When I stop and think about it, I know that I am no god, and that my gospel is no gospel, but I do stumble and my actions reveal my heart. In fact, I would argue (and Luther has) that every sin follows such a pattern.

To come at the problem more directly, this notion of fiducia makes my faith dependent upon my works, whereas "Sola Fide" asserts that salvation is through faith and not works. How does this puzzle fit together?

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Related (but different) question: What is faith? –  jimreed Oct 21 '11 at 13:59

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The question of whether the act of having faith constitutes a "work" in opposition to sola fide was considered by Karl Barth. He firmly identifies sola fide as "the opposition of faith to all and every work [...] no human work as such either is or includes man's justification (not even the work of faith as such)." 1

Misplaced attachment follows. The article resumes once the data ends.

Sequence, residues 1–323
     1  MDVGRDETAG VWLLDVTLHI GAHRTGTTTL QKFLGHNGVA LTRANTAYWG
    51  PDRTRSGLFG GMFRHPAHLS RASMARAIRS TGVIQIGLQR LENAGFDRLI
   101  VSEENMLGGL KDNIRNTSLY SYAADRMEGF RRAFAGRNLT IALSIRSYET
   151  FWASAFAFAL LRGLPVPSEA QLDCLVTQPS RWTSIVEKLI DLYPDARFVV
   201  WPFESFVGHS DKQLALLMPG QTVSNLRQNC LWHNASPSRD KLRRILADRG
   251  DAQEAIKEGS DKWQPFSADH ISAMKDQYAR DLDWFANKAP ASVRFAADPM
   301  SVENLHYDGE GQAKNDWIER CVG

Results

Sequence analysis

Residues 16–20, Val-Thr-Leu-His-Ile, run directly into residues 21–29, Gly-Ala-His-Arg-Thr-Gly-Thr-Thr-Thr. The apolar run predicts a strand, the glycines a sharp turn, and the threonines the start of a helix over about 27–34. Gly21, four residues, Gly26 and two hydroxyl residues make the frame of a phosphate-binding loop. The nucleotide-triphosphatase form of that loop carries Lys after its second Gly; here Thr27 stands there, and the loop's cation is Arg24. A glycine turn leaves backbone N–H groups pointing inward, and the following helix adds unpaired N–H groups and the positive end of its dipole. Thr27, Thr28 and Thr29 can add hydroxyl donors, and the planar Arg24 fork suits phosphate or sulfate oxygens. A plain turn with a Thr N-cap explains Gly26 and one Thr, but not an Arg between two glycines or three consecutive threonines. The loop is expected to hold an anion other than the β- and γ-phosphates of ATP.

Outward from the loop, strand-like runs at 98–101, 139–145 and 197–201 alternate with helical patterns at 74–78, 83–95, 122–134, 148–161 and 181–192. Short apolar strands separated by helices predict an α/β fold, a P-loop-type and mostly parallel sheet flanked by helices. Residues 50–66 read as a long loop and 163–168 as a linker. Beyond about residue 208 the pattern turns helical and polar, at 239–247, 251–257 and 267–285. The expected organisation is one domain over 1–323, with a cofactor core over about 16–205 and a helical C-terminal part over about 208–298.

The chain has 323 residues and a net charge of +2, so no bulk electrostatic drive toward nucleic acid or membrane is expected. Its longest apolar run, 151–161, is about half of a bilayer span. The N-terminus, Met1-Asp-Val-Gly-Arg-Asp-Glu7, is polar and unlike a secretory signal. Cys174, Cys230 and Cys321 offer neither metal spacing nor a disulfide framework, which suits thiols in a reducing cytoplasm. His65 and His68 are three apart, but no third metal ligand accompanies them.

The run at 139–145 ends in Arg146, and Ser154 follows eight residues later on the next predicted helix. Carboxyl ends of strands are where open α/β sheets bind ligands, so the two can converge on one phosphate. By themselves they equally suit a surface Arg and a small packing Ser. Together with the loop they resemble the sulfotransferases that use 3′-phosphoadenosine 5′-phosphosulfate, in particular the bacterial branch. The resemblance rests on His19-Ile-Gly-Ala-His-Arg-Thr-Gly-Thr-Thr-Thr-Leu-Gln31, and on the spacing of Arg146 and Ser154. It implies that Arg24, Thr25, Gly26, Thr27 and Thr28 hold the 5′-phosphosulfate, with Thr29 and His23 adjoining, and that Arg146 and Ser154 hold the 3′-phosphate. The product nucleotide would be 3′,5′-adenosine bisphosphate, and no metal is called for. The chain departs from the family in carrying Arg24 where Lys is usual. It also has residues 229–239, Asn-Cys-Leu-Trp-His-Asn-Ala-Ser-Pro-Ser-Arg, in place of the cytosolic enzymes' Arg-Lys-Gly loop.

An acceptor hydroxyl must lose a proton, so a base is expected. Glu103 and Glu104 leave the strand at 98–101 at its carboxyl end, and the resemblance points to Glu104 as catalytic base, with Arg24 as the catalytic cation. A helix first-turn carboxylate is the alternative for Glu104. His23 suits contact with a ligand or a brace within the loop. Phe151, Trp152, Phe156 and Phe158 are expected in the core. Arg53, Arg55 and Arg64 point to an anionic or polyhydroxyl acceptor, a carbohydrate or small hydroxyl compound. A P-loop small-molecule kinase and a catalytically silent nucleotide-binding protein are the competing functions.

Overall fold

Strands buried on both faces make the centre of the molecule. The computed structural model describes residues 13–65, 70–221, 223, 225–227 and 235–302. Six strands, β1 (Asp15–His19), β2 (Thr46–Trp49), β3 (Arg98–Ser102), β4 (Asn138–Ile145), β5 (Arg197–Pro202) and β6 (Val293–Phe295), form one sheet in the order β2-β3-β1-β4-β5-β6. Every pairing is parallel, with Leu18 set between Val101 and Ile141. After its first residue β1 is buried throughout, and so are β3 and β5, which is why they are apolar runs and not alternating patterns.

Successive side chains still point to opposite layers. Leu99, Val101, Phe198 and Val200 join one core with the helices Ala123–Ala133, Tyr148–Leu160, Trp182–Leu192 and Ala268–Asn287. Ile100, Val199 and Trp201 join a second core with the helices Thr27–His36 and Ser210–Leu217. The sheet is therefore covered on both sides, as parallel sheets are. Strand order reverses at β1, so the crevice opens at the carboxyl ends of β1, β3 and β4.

He explicitly disclaims the idea that we can "self-justify" by possessing faith:

"Justification by faith" cannot mean that instead of his customary evil works and in place of all kinds of supposed good works man chooses and accomplishes the work of faith, in this way pardoning and therefore justifying himself. As his action, the action of sinful man, faith cannot do this.

Nor does it make any odds whether a man means by faith a mere knowledge and intellectual understanding of the divine work and judgement and revelation and pardon (notitia), or an assent of the mind and will to it, the acceptance as true of that which is proclaimed as the truth of this work of God (assensus), or finally a heart's trust in the significance of this work for him (fiducia). It is not in and with all this that a man justifies himself, that he pardons himself, that he sets himself in that transition from wrong to right, from death to life, that he makes himself the subject of that history, the history of redemption. 1

The language of "subject" and "object" is important here. The object of faith - Jesus Christ - already exists, and having faith does not change the fact of his existence, nor the saving work that he has already accomplished. We are the "subjects" who do the believing, but that faith is always to be understood as coming from above: